In late August the students of the renowned Pforzheim Automotive MA degree course held their summer show…
…it all looked lovely. I meant to write about this a bit sooner but other subjects demanded my time. However, the main points I wanted to make are still valid. I could easily have selected another degree show but this one is the excuse to make them as they are general to all design courses, I feel.
The first thing to keep in mind with the Pforzheim MA course is that it is one run very much with the needs of the car industry in mind. I understand Pforzheim works very closely with the car makers and many of their graduates quickly get jobs in industry. Evidently, the industry is satisfied with the course’s output.
Pforzheim graduates are highly skilled and produce the kind of work that demonstrates how readily they could be parachuted into a real job next Monday morning should the need arise. Speaking from experience, having done an MA in automotive design, I recognise how talented and competent these students are. In my own case I had two years to do what these students have probably taken five or six to achieve and looking back, I emerged from my course half-baked. I say that in order to put my comments in perspective.
Having taken a look at the concepts shown here I am impressed by the detailing of the designs and the very standard of the models, sketches and CAD visuals. Some of the details that struck me were the small vents on the Audi concept by Ernst Martin Maurer And Min Byungyoon’s concept showed some very dynamic forms and carefully handled sculpting.
What did cross my mind after looking at the eight projects was that I could see none of these vehicles being on the road in five years and, in my experience, trying to guess what will be desirable in 20 is nigh on impossible. Eoin Doyle has described elsewhere here the protracted and painful gestation of the Jaguar XJ40*. Trying to design a car is a process that is not unlike making chips (or “french fries”) in that you can’t make them very much in advance. That Jaguar started designing a car in the early 70s for launch in the early 80s was, to say the least, unfortunate. I would guess the first 70% of the time they spent was wasted.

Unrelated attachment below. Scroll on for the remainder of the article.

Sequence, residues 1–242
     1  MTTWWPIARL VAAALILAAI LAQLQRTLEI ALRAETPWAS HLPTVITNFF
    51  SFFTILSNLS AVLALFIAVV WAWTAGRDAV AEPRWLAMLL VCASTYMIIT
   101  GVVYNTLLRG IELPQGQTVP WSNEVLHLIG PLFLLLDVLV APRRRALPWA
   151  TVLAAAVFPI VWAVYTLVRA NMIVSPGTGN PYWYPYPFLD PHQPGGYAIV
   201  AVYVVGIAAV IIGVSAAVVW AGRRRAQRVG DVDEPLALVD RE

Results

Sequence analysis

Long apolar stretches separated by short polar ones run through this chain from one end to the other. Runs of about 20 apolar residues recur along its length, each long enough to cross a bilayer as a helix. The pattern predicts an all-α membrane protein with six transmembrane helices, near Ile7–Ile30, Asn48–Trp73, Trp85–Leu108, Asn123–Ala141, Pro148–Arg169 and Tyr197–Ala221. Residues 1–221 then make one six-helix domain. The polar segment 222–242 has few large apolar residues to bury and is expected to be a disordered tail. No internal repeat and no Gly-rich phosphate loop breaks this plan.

The brand news cars we see on the roads now are the result of design work concluded between 24 and 36 months ago. The designers started the sketching up to 48 months ago, which is a rather long time. That lead time leaves a wide and tall window of opportunity for other vehicles to appear in the interim which make a later vehicle seem passé or irrelevant. In a nutshell, you can be leapfrogged.
Among the parameters are styling: how do you guess the far future? It is unavoidable that what you produce for production in 50 months is going to be based on what is acceptable at that point. In the meantime small random ideas appear that change the game; small trends become norms and what seemed normal when the design is signed off can become dated. Imagine the shame that some car designer felt when they produced a car with guttered windows only to find that the next year gutterless frames become so evidently the only acceptable solution. This kind of thing happens all the time.
Looking at these designs above I can see clearly students who are ready for work at GM, VW, Ford or Porsche with immediate effect. What I can’t see is anything so distinctive as to indicate this is where the next new thing is going to be coming from. Only the inputs from researchers, designers and managers at the car builders can provide the information that would combine with these students’ capabilities to produce the kinds of overall designs I would consider believable.
I have found some work from the 2013 Coventry MA automotive show which indicates this is something of a structural problem with automotive degree courses. The image I have picked from the year 2013 and the one from 2000 show the same kind of skills as the Pforzheim students display. Also apparent is that formlessness, and lack of particular problems to solve that makes real cars so much more interesting than student projects ever manage to be.
What the degree courses need is grist. I would suggest that the industry collaboration provides some more realistic constraints so as give the students something to work against or around. That they apparently don’t is why I feel the courses that I know of are not quite as good as the students lucky enough to take them.
Let’s keep an eye on these designs as you may see aspects of them in production in 60 months’ time. What you won’t see is anything very much like them overall.
What I get from this is that were I to be running a degree course, I’d be telling my students what Raymond Loewy thought a designer should provide, the most advanced yet acceptable. I’d also emphasise that the restrictions that face real designers aren’t an impediment to good design. Thus, throwing away all the packaging requirements doesn’t lead to very interesting shapes.
It tends to lead to the same amorphous forms that have characterised student work for a very long time: big wheels, elongated bodies and very low roofs. I’d much rather see designs that make a success of crash-test standards and the simple need for cars to be easy to get into and out of. Am I boring?
I wish all the students at Pforzheim the very best of luck in the future. They won’t need much as they are clearly very good at what they do.